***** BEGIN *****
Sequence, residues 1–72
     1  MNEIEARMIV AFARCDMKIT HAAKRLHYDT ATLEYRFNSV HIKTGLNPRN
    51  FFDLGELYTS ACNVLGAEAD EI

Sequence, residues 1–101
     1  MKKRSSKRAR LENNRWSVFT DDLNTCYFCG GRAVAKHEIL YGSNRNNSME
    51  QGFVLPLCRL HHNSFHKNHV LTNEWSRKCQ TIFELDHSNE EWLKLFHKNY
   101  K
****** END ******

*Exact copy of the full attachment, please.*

Sequence, residues 1–72
     1  MNEIEARMIV AFARCDMKIT HAAKRLHYDT ATLEYRFNSV HIKTGLNPRN
    51  FFDLGELYTS ACNVLGAEAD EI

Sequence, residues 1–101
     1  MKKRSSKRAR LENNRWSVFT DDLNTCYFCG GRAVAKHEIL YGSNRNNSME
    51  QGFVLPLCRL HHNSFHKNHV LTNEWSRKCQ TIFELDHSNE EWLKLFHKNY
   101  K